Upon information and belief, the Accused Products comply with the 802.11n,
802.11ac, and/or 802.11ax standards and the 12 LDPC error correction codes defined in those
standards. In addition, upon information and belief, the Accused Products are implemented in a
manner that not only complies with the 802.11n, 802.11ac, and/or 802.11ax standards, but also
infringesthe ’710 patent. This is because implementations of the 802.11n, 802.11ac, and/or 802.11ax
standards that infringe the ’710 patent perform substantially fewer computations, have substantially
more efficient circuitry, use less memory, consume less semiconductor die area, consume less power,
and are otherwise more efficient and cost effective than implementations that do infringe the ’710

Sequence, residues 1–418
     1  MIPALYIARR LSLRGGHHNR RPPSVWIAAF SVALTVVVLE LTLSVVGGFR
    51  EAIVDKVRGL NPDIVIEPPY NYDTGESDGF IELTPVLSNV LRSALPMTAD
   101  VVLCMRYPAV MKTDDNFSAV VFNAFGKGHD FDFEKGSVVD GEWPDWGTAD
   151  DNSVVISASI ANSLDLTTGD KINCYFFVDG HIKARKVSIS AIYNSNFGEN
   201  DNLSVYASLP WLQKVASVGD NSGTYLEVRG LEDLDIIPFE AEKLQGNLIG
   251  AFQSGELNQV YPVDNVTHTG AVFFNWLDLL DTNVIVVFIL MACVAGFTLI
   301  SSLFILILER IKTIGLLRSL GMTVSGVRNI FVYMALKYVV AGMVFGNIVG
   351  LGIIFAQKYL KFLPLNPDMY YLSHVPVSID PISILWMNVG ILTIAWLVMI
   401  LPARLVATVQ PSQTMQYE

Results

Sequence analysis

[para 33. of Microsoft complaint]
Putting to one side the question of obviousness [Aside: it is obvious that the approach on which the Std's are based is inefficient, but whether the solution CalTech arrived at is or isn't obvious is open to debate.]
What is interesting here is that effectively CalTech have improved the performance of the Std effectively making their patent 'essential' to anyone who wishes to implement a "more efficient and cost effective " version of the Std. However, they have avoided having their patent classed as "Std essential" and thus are not constrained by FRAND...
A question is if HP/Dell/MS are using the infringing Broadcom WiFi chips, do CalTech get a second bite of the cherry ie. double-dip royalties.